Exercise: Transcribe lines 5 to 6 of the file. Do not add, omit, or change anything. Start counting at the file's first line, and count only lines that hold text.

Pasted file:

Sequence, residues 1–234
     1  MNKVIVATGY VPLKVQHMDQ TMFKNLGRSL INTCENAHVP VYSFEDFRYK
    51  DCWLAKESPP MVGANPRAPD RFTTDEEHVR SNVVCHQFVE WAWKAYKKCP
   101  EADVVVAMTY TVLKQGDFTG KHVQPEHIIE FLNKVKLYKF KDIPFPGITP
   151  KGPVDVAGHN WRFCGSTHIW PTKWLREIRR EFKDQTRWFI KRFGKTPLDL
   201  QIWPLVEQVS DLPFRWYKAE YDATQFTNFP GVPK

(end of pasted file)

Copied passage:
   151  KGPVDVAGHN WRFCGSTHIW PTKWLREIRR EFKDQTRWFI KRFGKTPLDL
   201  QIWPLVEQVS DLPFRWYKAE YDATQFTNFP GVPK